However, most studies on acne treatment are small and look at the application of chlorophyllin to the skin through gels or creams, not its oral intake dissolved in water, as it is being promoted on TikTok in recent weeks. 

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"None of them were studying oral chlorophyll supplementation, and they were very, very small pilot studies that were not tested with a placebo, so even this small amount of evidence is very weak," he explained in an article in The Washington newspaper. Post dermatologist Zain Syed, president of the Maryland State Dermatological Society.

"The benefits of natural components in foods do not always persist when placed in capsules or liquid drop formulations," adds Dr. Stewart. 

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Chlorophyll is not on the Food and Drug Administration's Generally Recognized as Safe Substances (GRAS) list.

The Natural Standard Research Collaboration study notes that it is possibly safe when taken orally in recommended doses.

However, it

could be dangerous for people with diabetes or those who take hypoglycemic agents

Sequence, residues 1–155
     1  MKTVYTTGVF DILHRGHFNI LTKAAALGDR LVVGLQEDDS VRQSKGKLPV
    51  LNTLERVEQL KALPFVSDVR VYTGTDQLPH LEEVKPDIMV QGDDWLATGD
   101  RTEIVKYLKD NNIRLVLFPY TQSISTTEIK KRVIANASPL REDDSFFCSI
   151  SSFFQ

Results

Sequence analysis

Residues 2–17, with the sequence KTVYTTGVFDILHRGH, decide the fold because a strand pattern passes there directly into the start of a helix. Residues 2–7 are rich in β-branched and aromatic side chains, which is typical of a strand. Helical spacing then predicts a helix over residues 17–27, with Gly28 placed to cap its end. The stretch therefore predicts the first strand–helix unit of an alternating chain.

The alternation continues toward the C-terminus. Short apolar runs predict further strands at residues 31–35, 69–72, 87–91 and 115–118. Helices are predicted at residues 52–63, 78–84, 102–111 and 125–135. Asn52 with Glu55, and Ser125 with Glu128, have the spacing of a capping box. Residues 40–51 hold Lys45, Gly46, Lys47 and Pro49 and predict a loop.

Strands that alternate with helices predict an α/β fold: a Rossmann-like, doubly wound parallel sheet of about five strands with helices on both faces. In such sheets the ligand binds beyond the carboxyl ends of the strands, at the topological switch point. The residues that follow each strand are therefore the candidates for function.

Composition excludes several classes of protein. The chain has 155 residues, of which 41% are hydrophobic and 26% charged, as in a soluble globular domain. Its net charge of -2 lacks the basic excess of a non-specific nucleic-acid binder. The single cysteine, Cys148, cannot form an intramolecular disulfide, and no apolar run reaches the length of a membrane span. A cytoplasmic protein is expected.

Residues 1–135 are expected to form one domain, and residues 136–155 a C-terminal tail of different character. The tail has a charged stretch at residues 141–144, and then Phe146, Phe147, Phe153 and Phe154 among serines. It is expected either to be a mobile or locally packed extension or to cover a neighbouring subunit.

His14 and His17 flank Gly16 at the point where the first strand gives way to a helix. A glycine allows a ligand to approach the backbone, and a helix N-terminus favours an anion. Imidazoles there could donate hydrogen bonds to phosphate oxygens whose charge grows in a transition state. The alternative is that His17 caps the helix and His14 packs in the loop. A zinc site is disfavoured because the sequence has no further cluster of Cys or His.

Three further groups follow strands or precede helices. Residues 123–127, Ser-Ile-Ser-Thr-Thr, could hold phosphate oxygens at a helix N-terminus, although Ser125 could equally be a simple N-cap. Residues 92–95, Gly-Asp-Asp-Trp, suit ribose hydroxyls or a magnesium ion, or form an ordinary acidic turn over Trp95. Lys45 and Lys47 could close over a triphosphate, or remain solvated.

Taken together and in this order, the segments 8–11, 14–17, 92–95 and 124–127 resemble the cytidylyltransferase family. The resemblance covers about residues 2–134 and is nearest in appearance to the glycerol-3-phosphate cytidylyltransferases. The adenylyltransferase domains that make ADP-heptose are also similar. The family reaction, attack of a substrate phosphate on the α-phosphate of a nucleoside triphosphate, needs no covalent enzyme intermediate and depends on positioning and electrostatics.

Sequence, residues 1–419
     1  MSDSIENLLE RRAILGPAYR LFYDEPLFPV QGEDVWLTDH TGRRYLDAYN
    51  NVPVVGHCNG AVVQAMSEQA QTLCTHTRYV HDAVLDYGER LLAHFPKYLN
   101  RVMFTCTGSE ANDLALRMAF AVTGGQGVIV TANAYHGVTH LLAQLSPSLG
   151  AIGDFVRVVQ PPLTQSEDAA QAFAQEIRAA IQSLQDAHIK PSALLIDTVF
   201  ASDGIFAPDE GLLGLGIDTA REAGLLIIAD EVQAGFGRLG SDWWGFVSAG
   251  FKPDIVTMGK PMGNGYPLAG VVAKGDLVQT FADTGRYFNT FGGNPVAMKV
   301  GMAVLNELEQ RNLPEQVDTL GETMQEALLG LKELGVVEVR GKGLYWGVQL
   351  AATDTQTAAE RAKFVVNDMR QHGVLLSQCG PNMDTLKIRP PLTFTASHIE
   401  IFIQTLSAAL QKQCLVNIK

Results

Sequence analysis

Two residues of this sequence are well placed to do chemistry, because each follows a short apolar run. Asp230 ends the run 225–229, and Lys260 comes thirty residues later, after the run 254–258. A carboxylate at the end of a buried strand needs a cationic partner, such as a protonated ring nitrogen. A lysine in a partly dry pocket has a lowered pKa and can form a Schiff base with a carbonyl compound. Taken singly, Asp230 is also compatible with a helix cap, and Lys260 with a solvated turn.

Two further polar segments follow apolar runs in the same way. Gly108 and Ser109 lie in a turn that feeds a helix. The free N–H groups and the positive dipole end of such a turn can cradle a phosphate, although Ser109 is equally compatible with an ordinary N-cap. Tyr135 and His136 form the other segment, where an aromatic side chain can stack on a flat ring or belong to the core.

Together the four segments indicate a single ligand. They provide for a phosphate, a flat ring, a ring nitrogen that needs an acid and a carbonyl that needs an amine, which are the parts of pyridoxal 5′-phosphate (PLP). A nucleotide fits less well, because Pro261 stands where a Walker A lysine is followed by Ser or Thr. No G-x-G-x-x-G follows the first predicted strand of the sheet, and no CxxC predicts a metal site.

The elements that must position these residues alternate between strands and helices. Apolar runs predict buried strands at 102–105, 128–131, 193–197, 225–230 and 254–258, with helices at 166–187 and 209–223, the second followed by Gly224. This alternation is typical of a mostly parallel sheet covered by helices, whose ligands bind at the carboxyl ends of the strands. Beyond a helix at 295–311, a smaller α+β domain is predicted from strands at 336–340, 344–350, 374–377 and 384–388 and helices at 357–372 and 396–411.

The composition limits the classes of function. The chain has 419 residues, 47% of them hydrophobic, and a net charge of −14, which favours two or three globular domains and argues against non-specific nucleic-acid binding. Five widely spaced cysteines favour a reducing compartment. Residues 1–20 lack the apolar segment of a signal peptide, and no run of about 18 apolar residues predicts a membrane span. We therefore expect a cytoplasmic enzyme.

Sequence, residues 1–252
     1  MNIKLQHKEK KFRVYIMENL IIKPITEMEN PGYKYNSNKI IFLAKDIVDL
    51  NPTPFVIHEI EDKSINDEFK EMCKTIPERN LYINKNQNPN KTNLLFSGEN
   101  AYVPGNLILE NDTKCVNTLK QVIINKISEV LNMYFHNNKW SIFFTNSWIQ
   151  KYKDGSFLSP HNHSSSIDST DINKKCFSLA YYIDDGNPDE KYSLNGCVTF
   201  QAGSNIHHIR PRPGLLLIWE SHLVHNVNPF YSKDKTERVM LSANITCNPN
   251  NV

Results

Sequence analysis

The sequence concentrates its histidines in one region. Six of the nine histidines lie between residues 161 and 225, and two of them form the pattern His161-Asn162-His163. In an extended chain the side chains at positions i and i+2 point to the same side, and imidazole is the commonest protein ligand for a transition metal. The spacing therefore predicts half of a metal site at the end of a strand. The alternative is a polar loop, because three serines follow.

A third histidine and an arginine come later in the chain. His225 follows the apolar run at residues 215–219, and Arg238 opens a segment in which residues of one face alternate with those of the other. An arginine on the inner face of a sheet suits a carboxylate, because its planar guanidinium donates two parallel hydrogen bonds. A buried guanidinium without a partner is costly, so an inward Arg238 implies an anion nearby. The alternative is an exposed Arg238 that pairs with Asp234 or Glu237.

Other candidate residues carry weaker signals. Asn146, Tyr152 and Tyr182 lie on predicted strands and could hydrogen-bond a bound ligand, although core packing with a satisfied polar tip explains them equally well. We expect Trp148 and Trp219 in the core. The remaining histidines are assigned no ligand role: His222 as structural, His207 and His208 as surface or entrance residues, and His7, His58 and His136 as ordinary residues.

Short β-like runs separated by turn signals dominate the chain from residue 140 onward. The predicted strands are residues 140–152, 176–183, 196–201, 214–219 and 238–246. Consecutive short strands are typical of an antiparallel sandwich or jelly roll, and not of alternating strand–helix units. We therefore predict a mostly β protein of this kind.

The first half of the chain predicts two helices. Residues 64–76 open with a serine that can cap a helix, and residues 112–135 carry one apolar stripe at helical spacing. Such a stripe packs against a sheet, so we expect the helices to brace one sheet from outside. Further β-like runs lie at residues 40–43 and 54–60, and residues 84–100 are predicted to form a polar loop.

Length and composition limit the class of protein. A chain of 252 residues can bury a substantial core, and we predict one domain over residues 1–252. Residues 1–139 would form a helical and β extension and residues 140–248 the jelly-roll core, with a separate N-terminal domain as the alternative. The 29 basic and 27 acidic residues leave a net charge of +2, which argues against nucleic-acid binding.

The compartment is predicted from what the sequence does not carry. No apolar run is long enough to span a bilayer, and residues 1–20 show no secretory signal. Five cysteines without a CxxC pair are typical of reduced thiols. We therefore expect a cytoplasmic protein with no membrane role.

, and in some cases its application on the skin has generated rashes and allergies due to solar radiation, the report explains.

It is also not recommended for children and pregnant or lactating women. 

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Chlorophyll is found in leafy green foods like broccoli, Brussels sprouts, cabbage, lettuce, and spinach, as well as numerous herbs like alfalfa and parsley.

The North Carolina Department of Agriculture considers it safe and recommends consuming it through vegetables, especially spinach which contains between 300 and 600 milligrams per ounce. 

Stephanie Grasso, a registered dietitian in Oakton, Virginia, told The Washington Post that "it's probably healthier to just eat green leafy vegetables" to get any possible benefits from chlorophyll, rather than taking supplements.

Source: telemundo

All news articles on 2021-05-09